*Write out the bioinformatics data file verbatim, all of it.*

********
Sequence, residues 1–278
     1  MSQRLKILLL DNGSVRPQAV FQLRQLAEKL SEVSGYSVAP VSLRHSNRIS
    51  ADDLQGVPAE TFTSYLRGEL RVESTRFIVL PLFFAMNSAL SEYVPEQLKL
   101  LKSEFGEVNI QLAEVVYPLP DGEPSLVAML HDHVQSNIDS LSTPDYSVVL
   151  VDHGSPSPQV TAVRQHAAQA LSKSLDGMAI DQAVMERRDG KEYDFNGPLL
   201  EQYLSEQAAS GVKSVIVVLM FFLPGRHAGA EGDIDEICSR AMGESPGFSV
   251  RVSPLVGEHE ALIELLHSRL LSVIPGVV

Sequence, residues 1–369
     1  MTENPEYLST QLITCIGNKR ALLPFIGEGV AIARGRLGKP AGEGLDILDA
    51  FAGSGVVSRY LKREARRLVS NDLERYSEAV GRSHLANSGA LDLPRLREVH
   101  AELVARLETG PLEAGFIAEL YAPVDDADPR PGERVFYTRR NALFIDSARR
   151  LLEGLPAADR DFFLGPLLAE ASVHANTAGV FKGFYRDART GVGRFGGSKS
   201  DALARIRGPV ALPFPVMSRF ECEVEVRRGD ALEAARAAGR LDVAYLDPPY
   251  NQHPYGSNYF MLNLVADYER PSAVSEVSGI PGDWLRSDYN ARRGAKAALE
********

Sequence, residues 1–278
     1  MSQRLKILLL DNGSVRPQAV FQLRQLAEKL SEVSGYSVAP VSLRHSNRIS
    51  ADDLQGVPAE TFTSYLRGEL RVESTRFIVL PLFFAMNSAL SEYVPEQLKL
   101  LKSEFGEVNI QLAEVVYPLP DGEPSLVAML HDHVQSNIDS LSTPDYSVVL
   151  VDHGSPSPQV TAVRQHAAQA LSKSLDGMAI DQAVMERRDG KEYDFNGPLL
   201  EQYLSEQAAS GVKSVIVVLM FFLPGRHAGA EGDIDEICSR AMGESPGFSV
   251  RVSPLVGEHE ALIELLHSRL LSVIPGVV

Sequence, residues 1–369
     1  MTENPEYLST QLITCIGNKR ALLPFIGEGV AIARGRLGKP AGEGLDILDA
    51  FAGSGVVSRY LKREARRLVS NDLERYSEAV GRSHLANSGA LDLPRLREVH
   101  AELVARLETG PLEAGFIAEL YAPVDDADPR PGERVFYTRR NALFIDSARR
   151  LLEGLPAADR DFFLGPLLAE ASVHANTAGV FKGFYRDART GVGRFGGSKS
   201  DALARIRGPV ALPFPVMSRF ECEVEVRRGD ALEAARAAGR LDVAYLDPPY
   251  NQHPYGSNYF MLNLVADYER PSAVSEVSGI PGDWLRSDYN ARRGAKAALE